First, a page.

I know what you’re thinking…I sound like an Informercial salesman! I promise that if you stick with this article it will be worth your while.
In order to deliver on my promise, I want to tell a story. I was assigned to work on a project with a very short deadline, understaffed and a list of features that would have to be squeezed into a VERY long scroll. I know this is not only a cliche, but the status quo for Developers. I ask that you hear me out. I worked feverishly on this project, putting in overtime and constantly stressing about it even when I was not at work.
What was supposed to be a couple of months turned into four months. It wasn’t THAT the project went over its allotted budget but WHY it went over its budget that was interesting to me. We had all of the features in by the two month mark. It was the BUGS that were eating up most of our time! The root cause of this wasn’t that our features were difficult to implement, it was that our code changes would break other features of the app. At this point it would be easy to point out that our app lacked structure. Although we did use an MVC framework, there were parts of our code that were messy. You could make the argument that we weren’t using Source Control. We were. We had multiple people managing our repo.
What we lacked was rather simple…we lacked Automated Testing!
Heresy! That’s right, we didn’t have any Unit Testing, or Integration Testing or Functional Testing. It was purely code and pray. And it cost us to say the least. It was a painful lesson for me. I don’t pretend to be a Kent Beck or an Uncle Bob, but after this project I bought ALL of their books and devoured them over the course of a week.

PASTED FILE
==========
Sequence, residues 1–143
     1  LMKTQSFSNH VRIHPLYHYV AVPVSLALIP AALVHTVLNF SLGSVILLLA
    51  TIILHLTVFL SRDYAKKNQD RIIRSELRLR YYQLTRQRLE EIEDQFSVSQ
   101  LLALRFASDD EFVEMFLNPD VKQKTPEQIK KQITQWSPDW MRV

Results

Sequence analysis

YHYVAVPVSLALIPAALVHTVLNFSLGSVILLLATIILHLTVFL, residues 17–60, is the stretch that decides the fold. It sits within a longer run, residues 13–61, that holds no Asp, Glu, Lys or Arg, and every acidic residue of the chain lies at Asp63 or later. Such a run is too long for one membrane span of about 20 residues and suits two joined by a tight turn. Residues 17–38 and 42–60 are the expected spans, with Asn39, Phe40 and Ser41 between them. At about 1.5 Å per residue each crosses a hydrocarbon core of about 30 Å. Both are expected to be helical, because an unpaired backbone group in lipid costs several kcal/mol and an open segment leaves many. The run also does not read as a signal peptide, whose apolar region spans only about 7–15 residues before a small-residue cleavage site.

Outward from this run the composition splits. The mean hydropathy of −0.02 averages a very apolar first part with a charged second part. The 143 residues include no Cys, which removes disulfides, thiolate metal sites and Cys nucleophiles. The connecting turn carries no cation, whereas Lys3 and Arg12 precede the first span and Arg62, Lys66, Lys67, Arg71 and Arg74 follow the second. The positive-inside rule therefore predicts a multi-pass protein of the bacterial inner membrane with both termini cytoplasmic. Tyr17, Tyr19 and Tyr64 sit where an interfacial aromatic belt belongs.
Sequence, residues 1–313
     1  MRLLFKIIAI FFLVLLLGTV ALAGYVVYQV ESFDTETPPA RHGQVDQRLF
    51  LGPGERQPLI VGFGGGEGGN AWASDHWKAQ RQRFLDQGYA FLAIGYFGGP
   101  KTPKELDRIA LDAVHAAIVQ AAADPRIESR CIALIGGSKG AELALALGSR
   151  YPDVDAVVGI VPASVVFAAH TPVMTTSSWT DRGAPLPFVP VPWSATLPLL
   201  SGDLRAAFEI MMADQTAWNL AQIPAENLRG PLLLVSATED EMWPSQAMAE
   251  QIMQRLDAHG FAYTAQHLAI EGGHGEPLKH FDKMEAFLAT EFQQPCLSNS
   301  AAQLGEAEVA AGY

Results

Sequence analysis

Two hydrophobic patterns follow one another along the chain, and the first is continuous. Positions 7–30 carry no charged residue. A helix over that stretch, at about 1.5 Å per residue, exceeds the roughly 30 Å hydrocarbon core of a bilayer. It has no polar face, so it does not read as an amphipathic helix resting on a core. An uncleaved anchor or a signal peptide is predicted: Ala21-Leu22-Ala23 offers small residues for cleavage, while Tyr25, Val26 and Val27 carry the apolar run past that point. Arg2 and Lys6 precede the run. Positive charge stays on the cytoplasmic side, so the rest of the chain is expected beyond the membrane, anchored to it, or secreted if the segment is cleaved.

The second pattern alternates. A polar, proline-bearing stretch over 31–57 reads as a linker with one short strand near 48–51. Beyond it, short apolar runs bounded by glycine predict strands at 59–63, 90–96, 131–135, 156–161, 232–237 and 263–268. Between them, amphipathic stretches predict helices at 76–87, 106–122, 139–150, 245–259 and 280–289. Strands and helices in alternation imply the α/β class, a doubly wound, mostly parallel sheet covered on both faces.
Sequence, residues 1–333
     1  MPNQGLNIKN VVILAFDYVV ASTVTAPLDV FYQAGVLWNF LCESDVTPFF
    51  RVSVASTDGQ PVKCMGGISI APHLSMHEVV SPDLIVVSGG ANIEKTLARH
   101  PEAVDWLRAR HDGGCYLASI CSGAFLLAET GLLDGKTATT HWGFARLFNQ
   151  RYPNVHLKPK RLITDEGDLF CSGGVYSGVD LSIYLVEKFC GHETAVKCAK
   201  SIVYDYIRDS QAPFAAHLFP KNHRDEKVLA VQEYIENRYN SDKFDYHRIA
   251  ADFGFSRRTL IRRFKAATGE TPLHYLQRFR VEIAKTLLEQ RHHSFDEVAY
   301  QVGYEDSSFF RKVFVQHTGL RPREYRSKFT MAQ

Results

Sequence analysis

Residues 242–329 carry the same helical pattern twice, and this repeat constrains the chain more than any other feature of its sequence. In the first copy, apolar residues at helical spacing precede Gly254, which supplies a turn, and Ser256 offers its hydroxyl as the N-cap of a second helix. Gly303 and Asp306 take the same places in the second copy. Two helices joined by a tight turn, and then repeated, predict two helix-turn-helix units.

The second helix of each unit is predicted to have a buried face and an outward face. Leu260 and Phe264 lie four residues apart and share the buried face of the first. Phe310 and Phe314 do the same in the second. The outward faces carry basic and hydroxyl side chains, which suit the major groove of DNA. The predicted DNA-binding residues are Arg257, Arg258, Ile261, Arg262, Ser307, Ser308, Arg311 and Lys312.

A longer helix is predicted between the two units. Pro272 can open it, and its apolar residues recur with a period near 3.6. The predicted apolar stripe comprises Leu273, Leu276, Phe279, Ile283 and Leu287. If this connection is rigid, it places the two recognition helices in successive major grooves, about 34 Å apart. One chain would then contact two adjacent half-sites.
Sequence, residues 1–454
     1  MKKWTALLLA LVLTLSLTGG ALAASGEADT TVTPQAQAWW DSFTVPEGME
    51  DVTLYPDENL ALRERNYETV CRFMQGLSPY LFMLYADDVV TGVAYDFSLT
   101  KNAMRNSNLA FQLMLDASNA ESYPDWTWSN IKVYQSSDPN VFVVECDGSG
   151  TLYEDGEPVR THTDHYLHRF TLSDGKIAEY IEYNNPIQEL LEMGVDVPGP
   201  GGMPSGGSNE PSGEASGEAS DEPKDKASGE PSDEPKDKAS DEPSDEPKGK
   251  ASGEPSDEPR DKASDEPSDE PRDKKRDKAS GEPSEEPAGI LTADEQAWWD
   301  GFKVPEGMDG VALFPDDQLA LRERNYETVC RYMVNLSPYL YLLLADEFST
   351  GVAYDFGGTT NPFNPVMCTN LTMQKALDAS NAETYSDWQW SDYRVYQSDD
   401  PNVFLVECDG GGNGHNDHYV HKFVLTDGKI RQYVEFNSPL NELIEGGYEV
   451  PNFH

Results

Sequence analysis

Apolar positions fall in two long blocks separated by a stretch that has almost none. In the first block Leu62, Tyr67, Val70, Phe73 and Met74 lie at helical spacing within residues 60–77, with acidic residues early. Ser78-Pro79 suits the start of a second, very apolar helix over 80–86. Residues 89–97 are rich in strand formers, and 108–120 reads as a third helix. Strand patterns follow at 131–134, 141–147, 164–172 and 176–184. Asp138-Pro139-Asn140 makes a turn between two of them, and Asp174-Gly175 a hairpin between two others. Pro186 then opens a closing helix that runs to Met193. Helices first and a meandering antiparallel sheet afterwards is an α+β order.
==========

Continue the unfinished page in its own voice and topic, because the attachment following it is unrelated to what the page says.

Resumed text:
For me, that project was a tipping point. For a long time, I dabbled in Automated Testing. I kept hearing whispers about it. I heard that it was something “Real Coders” used to produce high-quality code, but because it wasn’t a strict requirement at that company, I was lazy about using it. I would get “spasms” where I would try to use it for everything, but then I would get frustrated and give up.
When I was finished with that project, I became 110% dedicated to using and mastering the technique of Test Driven Development. Sure, there were times where it did take me longer to complete a task, but the confidence I felt in my code was well worth it. It certainly didn’t catch all of the bugs I produced, but it decreased the amount of “stupid” bugs many fold. I define “stupid” bugs as passing in the wrong type of arguments to a Constructor as an example.
It was this project that I am most thankful for in my career. Not because it was glamorous, or made me “Internet famous” or anything like that. It’s because it took this vague pain that I felt on a lot of previous projects and really made it visceral. It forced action to improve and it thrusted me out of my complacency and into a new realm of professionalism and well-crafted code.
If I ever meet the Authors of these books, I will thank them profusely for the impact they have made in my Career and my Life. These books are:
Working Effectively with Legacy Code